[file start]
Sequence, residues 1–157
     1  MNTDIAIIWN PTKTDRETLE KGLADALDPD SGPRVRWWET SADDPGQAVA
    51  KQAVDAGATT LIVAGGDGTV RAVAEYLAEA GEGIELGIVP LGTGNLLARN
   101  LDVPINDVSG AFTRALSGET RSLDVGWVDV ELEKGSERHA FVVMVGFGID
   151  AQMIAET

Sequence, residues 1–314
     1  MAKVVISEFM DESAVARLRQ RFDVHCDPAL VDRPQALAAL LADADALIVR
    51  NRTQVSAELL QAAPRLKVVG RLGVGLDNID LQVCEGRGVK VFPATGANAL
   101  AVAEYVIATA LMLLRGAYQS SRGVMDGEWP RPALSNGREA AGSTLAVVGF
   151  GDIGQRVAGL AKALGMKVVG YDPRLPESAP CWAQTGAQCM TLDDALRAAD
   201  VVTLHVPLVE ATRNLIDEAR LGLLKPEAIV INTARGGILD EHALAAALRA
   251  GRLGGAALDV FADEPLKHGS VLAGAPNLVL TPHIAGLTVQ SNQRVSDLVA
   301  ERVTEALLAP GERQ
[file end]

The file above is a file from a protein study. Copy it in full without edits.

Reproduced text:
Sequence, residues 1–157
     1  MNTDIAIIWN PTKTDRETLE KGLADALDPD SGPRVRWWET SADDPGQAVA
    51  KQAVDAGATT LIVAGGDGTV RAVAEYLAEA GEGIELGIVP LGTGNLLARN
   101  LDVPINDVSG AFTRALSGET RSLDVGWVDV ELEKGSERHA FVVMVGFGID
   151  AQMIAET

Sequence, residues 1–314
     1  MAKVVISEFM DESAVARLRQ RFDVHCDPAL VDRPQALAAL LADADALIVR
    51  NRTQVSAELL QAAPRLKVVG RLGVGLDNID LQVCEGRGVK VFPATGANAL
   101  AVAEYVIATA LMLLRGAYQS SRGVMDGEWP RPALSNGREA AGSTLAVVGF
   151  GDIGQRVAGL AKALGMKVVG YDPRLPESAP CWAQTGAQCM TLDDALRAAD
   201  VVTLHVPLVE ATRNLIDEAR LGLLKPEAIV INTARGGILD EHALAAALRA
   251  GRLGGAALDV FADEPLKHGS VLAGAPNLVL TPHIAGLTVQ SNQRVSDLVA
   301  ERVTEALLAP GERQ